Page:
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Ministry for Foreign Affairs

UN Discussion on Afghanistan

Hjálmar W. Hannesson ávarpar öryggisráð Sameinuðu þjóðanna
Hjálmar W. Hannesson ávarpar öryggisráð Sameinuðu þjóðanna

Mr. President

Iceland, as a member of the European Economic Area, EEA, fully aligned itself with the statement made by my colleague Ambassador van den Berg on behalf of the European Union. Let me however emphasize a few points.

First of all we would like to express our appreciation to the Secretary-General for his frank and informative report on the situation in Afghanistan and to the Special Representative for his statement this morning.

It is clear from the report that the situation gives rise to considerable concern. A central concern is the security situation, both short term and long term.

In the short term it is essential that the PRTs (The Provincial Reconstruction Teams) be reinforced and that a secure environment be established in which peace-building can progress. I would, on behalf of my Government, like to take this opportunity to deplore the increasingly frequent attacks on UN and NGO staff in recent weeks, and express regret, though at the same time understanding, at the withdrawal of MSF (Medecins Sans Frontieres), one of the most courageous of the NGOs with over twenty years of experience in the country.

Iceland is committed to making its contribution to establishing peace in Afghanistan. Icelandic Foreign Minister Halldór Ásgrímsson traveled to Kabul this June to be present at the hand-over of management of Kabul Airport on 1 June to an Icelandic team. The operating of the airport is key to the successful operation of ISAF (The International Security Assistance Force commanded by NATO) and Iceland is strongly committed to this project. I am proud to say that the airport is being run successfully on a 24/7 basis, although I should say this is despite a far from fully manned team.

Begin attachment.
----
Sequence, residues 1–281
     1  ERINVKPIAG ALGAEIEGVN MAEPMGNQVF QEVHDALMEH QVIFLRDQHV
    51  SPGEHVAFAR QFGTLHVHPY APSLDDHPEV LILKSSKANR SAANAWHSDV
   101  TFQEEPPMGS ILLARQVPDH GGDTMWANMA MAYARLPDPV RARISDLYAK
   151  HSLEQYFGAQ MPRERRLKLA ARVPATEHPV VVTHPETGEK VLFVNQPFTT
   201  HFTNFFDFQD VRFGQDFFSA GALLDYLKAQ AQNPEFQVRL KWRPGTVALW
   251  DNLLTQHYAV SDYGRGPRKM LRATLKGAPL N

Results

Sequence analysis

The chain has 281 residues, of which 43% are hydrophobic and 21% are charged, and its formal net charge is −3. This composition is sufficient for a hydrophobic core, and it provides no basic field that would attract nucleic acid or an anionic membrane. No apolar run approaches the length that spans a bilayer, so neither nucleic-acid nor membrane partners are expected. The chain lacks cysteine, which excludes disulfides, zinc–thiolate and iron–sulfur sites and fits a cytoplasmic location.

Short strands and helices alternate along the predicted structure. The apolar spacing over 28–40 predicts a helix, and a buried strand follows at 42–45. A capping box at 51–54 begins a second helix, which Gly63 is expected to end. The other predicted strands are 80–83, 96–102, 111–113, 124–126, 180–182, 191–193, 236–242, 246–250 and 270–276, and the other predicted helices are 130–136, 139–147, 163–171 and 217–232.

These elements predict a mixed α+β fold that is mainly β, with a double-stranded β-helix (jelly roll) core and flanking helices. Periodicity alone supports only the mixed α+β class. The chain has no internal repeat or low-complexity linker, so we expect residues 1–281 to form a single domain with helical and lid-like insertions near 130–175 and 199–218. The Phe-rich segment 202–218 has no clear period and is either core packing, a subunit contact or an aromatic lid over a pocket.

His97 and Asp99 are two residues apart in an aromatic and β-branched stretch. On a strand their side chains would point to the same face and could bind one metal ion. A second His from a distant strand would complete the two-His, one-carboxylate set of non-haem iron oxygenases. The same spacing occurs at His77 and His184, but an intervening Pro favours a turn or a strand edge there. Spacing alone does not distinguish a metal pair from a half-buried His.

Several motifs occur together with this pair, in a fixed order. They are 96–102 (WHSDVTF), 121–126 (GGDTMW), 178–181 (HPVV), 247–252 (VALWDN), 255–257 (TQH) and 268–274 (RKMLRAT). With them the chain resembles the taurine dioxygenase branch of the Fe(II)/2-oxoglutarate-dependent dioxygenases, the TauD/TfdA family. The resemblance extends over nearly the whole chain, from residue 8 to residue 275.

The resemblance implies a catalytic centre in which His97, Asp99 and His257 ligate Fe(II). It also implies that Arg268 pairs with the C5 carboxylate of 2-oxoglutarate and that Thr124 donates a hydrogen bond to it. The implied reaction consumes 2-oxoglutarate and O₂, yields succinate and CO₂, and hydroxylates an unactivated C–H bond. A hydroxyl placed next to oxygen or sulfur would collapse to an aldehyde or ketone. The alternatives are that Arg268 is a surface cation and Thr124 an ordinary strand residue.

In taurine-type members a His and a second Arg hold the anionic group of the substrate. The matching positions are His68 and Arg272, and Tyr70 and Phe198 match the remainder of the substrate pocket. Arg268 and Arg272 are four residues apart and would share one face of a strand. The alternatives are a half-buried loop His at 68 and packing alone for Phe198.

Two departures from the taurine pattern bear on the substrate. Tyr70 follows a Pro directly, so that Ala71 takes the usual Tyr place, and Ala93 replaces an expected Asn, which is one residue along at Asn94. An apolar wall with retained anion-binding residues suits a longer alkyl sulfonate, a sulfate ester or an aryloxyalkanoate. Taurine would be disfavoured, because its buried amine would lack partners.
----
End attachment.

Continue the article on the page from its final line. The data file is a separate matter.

The long term human security environment is crucially effected not only by the activities of extremist elements, such as the Taliban or Al Qaeda, but also by the flourishing of criminality, funded principally by the narcotics trade. This illicit trade has three aspects – production capacity, trade routes and users. We must address all aspects if we are to defeat this corosive threat to the long term stability of the country. Production capacity can only be effectively reduced long term through providing farmers with viable alternatives. Part of the equation which has the potential to make drugs production less economically attractive is the fluidity of trade routes. Putting the screws on the trade routes would surely help. And of course the demand end of this dirty business needs to be addressed more effectively.

Another crucial factor in establishing long-term security is successful DDR (Disarmament, Demobilisation and Reintegration). It is my impression that the most difficult of the three related processes, that is reintegration, is also in some ways the most important. Soldiers who hand in guns must be given constructive and meaningful roles in society – or the danger is that they will simply acquire new guns – of which there is a plentiful supply.

The Secretary General’s report makes it clear that there are no easy answers. However, there are brighter aspects as we have heard this morning from Mr. Jean Arnault. We would like to commend all those who have worked so hard on the voter registration. The successful registration of over 10 million voters, 41 % of them women, is truly remarkable.

On this more positive note, I thank you for your attention.


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